Topic: A comprehensive study of biochemistry of myeloma cells Objectives: After the study following objectives can be full filled

 Definition of myeloma cells  Signs and symptoms   Brief review of Diagnosis Pathophysiology

 An analysis of different available Treatments  Prognosis  A detailed account of biochemistry of myeloma cells  Comparative account of myeloma and normal cells

Research Method and Resources

This part of thesis envisages data collection from different sources of information media, Google scholar, internet, various journals, magazines, and many libraries. Research is completely review based and coordination between different aspects is made. A group of doctors and medical students are also interviewed for the purpose. In overall an Idea to generate awareness for early treatment and best available treatments for a specific one are listed, so that both general reader and scholars get benefited from the information compiled.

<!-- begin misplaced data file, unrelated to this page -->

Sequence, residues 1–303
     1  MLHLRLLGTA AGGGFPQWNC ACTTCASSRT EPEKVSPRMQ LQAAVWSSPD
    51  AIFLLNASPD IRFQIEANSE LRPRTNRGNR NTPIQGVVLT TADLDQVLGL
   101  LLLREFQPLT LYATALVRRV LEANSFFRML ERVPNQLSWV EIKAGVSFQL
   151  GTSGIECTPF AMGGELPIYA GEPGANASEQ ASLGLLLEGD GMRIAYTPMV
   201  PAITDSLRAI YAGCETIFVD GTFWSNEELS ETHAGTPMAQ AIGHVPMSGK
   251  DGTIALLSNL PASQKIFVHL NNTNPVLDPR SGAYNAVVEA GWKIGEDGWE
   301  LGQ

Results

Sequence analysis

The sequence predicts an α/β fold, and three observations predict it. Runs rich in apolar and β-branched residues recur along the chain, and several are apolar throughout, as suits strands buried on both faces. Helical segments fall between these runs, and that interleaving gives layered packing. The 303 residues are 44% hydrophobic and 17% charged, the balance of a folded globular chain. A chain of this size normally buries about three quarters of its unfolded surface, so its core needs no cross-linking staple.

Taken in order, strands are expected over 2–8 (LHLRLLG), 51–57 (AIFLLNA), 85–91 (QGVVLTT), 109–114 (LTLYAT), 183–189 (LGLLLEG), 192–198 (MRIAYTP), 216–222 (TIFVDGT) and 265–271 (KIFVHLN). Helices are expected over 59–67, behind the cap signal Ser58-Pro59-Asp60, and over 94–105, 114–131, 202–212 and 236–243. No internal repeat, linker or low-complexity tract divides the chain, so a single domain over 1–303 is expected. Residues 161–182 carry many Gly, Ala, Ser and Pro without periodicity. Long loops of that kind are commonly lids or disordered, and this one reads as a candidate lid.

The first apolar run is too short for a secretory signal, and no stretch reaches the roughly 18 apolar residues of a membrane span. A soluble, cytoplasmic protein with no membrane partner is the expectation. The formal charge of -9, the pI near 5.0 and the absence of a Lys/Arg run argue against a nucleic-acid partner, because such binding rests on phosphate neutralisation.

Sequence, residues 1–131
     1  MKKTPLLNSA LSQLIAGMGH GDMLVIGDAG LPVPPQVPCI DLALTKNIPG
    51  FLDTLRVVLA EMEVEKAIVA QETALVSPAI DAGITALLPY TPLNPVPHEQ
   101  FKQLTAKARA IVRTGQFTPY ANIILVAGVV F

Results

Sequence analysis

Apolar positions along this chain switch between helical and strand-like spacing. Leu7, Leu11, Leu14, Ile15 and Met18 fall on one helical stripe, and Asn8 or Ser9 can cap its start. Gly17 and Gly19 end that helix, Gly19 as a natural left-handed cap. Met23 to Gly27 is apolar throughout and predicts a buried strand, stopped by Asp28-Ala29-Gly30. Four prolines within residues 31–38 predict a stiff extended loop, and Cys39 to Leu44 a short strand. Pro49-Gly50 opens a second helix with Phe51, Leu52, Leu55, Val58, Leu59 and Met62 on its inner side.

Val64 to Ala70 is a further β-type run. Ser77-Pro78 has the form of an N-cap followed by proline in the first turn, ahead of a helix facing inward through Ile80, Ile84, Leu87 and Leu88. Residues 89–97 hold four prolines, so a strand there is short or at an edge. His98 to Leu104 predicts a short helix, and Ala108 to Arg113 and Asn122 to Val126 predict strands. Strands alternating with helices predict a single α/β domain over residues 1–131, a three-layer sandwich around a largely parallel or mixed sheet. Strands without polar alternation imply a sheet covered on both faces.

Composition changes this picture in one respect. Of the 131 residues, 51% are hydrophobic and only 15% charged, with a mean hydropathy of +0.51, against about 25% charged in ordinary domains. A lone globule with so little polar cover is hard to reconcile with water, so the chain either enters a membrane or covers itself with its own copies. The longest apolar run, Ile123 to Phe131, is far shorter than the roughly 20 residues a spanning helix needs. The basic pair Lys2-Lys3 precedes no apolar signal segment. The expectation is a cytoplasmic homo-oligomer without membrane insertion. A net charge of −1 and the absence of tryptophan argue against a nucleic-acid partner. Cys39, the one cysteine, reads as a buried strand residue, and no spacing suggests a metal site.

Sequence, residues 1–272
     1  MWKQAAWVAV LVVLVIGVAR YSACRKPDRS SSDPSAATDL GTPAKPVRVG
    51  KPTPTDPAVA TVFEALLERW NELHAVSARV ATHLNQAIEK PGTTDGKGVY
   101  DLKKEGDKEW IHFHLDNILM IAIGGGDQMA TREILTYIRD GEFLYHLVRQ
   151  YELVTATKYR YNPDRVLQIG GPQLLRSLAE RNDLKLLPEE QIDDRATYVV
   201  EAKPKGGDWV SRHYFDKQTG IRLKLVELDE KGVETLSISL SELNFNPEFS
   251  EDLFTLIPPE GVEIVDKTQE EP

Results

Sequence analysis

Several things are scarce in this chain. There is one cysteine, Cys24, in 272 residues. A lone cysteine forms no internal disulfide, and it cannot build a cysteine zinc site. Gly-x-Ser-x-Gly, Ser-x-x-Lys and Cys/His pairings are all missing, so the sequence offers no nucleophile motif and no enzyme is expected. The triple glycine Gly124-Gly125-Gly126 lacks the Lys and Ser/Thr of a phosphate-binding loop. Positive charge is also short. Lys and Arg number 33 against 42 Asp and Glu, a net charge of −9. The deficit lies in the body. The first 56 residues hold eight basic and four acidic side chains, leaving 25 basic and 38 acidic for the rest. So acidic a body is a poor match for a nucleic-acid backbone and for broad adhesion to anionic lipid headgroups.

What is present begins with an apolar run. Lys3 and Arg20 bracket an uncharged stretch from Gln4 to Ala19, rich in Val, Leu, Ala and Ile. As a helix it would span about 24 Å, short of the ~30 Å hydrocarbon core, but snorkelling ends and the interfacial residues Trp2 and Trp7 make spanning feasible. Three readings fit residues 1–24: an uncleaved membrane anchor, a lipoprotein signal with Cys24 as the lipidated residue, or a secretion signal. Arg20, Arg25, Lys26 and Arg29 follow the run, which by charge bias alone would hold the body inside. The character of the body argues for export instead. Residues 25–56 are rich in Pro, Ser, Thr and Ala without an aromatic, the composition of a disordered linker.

Multiple myeloma

search Multiple myeloma Classification and external resources Micrograph of a plasmacytoma. the histologic correlate of multiple myeloma.[1] In multiple myeloma. Most cases of myeloma also feature the production of a paraprotein—an abnormal antibody which can cause kidney problems. collections of abnormal plasma cells accumulate in the bone marrow.0 203. the free encyclopedia Jump to: navigation.[1] .From Wikipedia. is a cancer of plasma cells. where they interfere with the production of normal blood cells.0 M9732/3 254500 8628 000583 med/1521 D009101 Multiple myeloma (from Greek myelo-. bone marrow). also known as plasma cell myeloma or Kahler's disease (after Otto Kahler). H&E stain ICD-10 ICD-9 ICD-O: OMIM DiseasesDB MedlinePlus eMedicine MeSH C90. Bone lesions and hypercalcemia (high calcium levels) are also often encountered. a type of white blood cell normally responsible for producing antibodies.